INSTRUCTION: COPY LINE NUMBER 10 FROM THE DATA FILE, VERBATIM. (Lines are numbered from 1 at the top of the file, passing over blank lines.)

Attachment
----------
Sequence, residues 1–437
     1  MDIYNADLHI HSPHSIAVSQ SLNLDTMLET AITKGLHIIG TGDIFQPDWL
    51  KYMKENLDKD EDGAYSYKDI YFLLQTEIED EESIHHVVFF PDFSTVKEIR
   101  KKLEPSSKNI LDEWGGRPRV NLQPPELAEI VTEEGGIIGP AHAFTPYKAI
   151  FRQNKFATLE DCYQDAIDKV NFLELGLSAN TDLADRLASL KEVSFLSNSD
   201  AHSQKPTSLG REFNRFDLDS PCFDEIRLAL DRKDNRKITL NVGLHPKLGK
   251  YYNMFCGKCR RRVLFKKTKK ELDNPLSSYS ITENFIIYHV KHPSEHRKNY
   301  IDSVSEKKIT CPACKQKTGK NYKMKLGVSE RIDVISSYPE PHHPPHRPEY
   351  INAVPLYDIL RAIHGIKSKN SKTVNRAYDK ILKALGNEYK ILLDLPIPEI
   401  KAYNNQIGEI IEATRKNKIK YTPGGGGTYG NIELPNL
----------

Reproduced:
   401  KAYNNQIGEI IEATRKNKIK YTPGGGGTYG NIELPNL